(NEW YORK) -- An 8.6-magnitude earthquake struck off the coast of Indonesia Wednesday, triggering a tsunami watch across the Indian Ocean. The warning has since been canceled.
There were no immediate reports of injuries or damage.
According to the U.S. Geological Survey, the quake was 20.5 miles deep and hit 269 miles southwest of Banda Aceh, the capital of Aceh province in Sumatra. The tremor was originally recorded as an 8.9-magnitude quake, but was downgraded to an 8.7 and then an 8.6 by the USGS.
Workers at the Hermes Palace Hotel in Banda Aceh described a scene of panic near the coast as people fled to higher ground. Employee Cut Arlista said the shaking was so strong, water from the hotel pool spilled out, though the 70 guests at the hotel were not evacuated.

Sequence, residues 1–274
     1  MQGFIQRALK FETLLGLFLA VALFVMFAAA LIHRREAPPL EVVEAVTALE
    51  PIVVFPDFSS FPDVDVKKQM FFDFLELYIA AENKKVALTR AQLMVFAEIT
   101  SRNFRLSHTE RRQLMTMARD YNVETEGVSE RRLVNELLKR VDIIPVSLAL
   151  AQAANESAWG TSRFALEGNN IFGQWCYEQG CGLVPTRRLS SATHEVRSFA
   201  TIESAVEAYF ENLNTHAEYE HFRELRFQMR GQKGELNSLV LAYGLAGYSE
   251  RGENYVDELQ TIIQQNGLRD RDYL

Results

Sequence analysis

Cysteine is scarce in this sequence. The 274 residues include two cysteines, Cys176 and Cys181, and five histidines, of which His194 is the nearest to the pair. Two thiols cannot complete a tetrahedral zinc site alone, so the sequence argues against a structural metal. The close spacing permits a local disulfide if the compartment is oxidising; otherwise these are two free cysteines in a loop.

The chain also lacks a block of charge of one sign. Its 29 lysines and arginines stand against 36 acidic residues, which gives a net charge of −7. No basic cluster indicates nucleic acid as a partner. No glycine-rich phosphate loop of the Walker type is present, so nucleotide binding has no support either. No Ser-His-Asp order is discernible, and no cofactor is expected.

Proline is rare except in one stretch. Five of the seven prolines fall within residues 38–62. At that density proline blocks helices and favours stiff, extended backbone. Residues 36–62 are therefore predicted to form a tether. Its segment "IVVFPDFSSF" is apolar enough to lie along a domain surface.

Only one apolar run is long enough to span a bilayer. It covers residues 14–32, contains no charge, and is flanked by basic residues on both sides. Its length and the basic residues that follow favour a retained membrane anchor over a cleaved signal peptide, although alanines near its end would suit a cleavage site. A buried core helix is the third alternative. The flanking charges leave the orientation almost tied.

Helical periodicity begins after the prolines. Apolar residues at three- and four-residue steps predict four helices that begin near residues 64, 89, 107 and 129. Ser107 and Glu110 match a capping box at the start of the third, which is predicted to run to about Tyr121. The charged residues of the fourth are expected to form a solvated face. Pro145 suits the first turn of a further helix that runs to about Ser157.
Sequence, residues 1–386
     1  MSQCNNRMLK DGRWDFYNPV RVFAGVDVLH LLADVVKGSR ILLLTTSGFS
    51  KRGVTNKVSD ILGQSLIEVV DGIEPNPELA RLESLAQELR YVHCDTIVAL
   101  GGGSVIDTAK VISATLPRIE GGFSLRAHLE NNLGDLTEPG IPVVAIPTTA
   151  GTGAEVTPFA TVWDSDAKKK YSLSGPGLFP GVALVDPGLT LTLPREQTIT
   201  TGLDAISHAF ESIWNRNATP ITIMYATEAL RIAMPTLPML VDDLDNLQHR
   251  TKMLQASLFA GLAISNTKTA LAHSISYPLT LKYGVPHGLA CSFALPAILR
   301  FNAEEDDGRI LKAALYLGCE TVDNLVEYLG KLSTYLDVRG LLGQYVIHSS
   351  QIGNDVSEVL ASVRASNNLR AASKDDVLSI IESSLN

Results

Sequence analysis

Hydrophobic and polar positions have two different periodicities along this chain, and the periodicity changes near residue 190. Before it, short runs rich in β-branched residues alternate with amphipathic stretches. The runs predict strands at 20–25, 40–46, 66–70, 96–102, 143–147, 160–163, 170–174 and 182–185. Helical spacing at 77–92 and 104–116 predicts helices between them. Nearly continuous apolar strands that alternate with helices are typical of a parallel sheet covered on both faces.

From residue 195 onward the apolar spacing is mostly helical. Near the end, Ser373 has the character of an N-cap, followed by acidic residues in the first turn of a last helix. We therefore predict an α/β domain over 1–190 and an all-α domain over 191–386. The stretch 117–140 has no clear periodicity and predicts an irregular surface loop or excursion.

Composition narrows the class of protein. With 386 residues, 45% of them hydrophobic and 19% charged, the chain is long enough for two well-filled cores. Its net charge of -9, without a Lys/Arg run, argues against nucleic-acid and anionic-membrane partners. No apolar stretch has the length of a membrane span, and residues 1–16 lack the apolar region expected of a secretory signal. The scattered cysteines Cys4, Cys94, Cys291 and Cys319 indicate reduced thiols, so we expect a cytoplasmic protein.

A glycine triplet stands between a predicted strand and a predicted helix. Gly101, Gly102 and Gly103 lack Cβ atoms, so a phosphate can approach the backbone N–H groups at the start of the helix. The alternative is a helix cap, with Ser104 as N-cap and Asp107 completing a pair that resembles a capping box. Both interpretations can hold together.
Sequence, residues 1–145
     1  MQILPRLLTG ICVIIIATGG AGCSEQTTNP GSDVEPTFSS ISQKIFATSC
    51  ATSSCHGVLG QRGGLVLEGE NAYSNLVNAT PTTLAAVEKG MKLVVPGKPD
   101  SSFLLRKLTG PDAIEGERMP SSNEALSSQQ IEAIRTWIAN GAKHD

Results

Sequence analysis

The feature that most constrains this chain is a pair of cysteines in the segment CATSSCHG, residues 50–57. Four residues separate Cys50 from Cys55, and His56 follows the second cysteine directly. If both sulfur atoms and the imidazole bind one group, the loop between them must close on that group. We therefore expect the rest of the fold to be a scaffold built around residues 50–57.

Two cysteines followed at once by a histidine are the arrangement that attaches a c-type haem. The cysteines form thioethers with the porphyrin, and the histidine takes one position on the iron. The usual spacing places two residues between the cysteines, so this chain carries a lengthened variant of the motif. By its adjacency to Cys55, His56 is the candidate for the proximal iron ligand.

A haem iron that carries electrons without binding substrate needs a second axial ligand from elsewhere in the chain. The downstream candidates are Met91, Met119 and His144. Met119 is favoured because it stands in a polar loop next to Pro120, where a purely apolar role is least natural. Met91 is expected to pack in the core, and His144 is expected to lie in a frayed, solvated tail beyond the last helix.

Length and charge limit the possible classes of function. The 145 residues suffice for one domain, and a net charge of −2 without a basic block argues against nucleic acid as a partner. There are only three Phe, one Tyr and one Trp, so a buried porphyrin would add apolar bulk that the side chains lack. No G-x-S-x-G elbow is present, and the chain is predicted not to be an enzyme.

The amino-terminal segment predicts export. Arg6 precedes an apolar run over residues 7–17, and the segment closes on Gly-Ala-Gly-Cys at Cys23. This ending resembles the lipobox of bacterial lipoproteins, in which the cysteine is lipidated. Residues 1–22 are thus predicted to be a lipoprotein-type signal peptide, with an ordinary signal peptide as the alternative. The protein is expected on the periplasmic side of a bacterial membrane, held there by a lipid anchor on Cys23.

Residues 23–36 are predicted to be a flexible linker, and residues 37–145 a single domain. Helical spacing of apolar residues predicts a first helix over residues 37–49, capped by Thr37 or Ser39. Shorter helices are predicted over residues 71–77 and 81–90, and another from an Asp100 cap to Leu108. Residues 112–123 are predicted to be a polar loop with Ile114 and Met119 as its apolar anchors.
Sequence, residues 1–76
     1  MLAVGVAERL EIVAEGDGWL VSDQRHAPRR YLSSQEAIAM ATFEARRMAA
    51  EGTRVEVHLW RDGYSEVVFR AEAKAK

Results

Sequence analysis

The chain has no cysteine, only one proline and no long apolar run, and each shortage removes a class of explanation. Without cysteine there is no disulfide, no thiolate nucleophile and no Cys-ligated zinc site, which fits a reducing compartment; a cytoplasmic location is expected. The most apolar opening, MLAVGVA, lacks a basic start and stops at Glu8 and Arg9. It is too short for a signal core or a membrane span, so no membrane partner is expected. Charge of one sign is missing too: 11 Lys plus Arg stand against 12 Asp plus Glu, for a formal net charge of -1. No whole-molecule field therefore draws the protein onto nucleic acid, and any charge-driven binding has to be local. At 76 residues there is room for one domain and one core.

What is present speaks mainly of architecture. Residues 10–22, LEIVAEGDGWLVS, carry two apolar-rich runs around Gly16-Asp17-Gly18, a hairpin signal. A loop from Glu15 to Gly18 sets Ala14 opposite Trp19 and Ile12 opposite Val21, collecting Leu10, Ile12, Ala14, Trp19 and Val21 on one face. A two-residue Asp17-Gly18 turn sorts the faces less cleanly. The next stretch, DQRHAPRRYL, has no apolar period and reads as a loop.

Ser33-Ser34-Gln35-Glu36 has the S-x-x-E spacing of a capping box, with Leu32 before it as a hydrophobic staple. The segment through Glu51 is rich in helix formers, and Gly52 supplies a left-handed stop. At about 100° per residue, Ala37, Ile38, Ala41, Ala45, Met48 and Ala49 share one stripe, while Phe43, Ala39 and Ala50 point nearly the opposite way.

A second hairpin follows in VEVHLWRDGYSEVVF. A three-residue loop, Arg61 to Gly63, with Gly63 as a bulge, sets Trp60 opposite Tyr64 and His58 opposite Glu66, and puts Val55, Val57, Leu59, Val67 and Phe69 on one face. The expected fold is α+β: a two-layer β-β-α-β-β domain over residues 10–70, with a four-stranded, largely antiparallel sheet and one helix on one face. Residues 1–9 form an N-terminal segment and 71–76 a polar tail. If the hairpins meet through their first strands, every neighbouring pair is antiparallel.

"People were crying, and everybody was running inland as fast as they can," Arlista told ABC News.
Wednesday's quake hit the same region that was devastated by a 9.1-magnitude earthquake in December 2004. That tremor triggered a catastrophic tsunami in the Indian Ocean that killed 230,000 people.
"I think a lot of people learned from the past," Arlista said. "Everybody knew to run as soon as the earthquake hit."
Copyright 2012 ABC News Radio